While agriculture and livestock food production in the world have become increasingly large-scale, industrial and ever more efficient for decades, the damage and inequality this food system causes is also becoming increasingly clear. Across the world, more and more people are therefore engaged in alternative, sustainable food production that ensures many generations to come to still have access to fertile, healthy land and clean water.
In this talkshow, we highlight some of these examples and hope to fuel the dialogue about this topic.
Farid Tabarki - Studio Zeitgeist
Inspired? Join our 'The Future We See' - talkshow on September 28th! You can either attend live or online, quietly listen or actively participate in the discussion - or during the drinks afterwards. We hope to see you there!
To get a glimpse of the atmosphere, see a short video of our last session (about economic systems): https://youtu.be/AUNGcROovnc
And to dive in a little deeper, watch this compilation: https://youtu.be/nzuwIREeiNo
Six out of nine planetary boundaries have been crossed (Stockholm Resilience Centre) and the Intergovernmental Panel on Climate Change says that the world is likely to breach global temperature of 1.5 degrees above pre-industrial levels between now and 2027. COP28 is the moment of the first Global Stocktake, which means the assessment of where we are at in reaching the goals of the Paris Agreement.
In the heart of Liberia, the Western Region Women Network Association (WERWONA) is scripting a story of resilience, advocacy, and transformation. This journey began in September 2022 when WERWONA, supported by Both ENDS's partner Sustainable Development Institute, embarked on a mission to empower women leaders and communities in Bomi, Grand Cape Mount, and Gbarpolu counties to reclaim their rights to land and natural resources. This shows how the partnership between Both ENDS and local organisations is driving positive change in Liberia.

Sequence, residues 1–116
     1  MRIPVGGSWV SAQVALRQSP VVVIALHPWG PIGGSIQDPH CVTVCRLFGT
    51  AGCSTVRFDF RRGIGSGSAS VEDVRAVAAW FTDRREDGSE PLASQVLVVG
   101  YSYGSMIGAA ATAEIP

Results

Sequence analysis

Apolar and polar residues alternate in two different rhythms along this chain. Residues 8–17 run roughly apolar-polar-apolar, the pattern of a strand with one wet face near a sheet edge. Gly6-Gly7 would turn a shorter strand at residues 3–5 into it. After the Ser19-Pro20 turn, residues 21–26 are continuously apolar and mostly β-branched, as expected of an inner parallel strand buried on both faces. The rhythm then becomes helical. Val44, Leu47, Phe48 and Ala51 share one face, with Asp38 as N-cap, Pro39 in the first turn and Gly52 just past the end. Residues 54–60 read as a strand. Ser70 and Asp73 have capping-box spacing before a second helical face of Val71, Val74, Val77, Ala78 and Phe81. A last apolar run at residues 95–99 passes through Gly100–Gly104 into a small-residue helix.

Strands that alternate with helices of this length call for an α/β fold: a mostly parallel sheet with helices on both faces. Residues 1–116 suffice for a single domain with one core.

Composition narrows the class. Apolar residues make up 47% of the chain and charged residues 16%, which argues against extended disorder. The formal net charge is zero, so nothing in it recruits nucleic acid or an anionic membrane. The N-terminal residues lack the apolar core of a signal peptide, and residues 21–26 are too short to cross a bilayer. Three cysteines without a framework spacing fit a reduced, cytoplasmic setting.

Danielle Hirsch, our director, is running as candidate for GroenLinks-PvdA in the parliamentary elections in November this year.
A wave of international recognition is shedding light on the valuable role that indigenous communities play in looking after our planet's most vital ecosystems. Last night in Vancouver, two of our partners won a grant in the Inclusive GEF Assembly Challenge Program: the ILED Network and AIDER (Peru). Our colleague Eva Schmitz was present to receive the prize on behalf of the ILED Network.
On 17 and 18 July, representatives of the governments of Latin America, the Caribbean and the European Union meet in Brussels for the EU-CELAC summit. The European Commission and several EU Member States want to use this moment to accelerate the ratification of the trade and investment treaties between the EU and Mexico, the EU and Chile and the EU and the South American Mercosur countries*.
In the Jenipapo community, in the north-east region of the Caatinga Biome in Brazil, farmer Fátima Maria dos Santos runs her farm. Fátima is applying the principles of agroecology on her farm by having a cistern that collects rainwater, retaining native vegetation and developing an agroforestry system that comprises of native and fruit trees and crops and medical plants. Fátima is also one of the first farmers to be part of the 'Caderneta Agroecológica' or 'Agroecological Logbook' initiative, that stimulates women farmers to monitor their food production. This way, they get more insights about the value of production for the family, about monetary and non-monetary benefits and the preservation of soil health and biodiversity.
Even a region like the South American La Plata Basin, known for it's majestic rivers and wetlands, is struggling with drought. A group of organisations united in the Wetlands without Borders network strive to turn the tide.
Koussanar, in eastern Senegal, is a small town that is expanding rapidly, surrounded by villages still rooted in rural and nomadic life. The region is hot and dry, which is exacerbated by climate change. The soil in the region is also dry and often exhausted due to a combination of factors such as unsustainable agricultural practices, (peanut) monoculture, intensive agriculture, forest fires and overgrazing. Today, however, the region's farmers and nomadic pastoralists take a different approach. They are working towards a better future by committing to the restoration of degraded land using Farmer Managed Natural Regeneration (FMNR).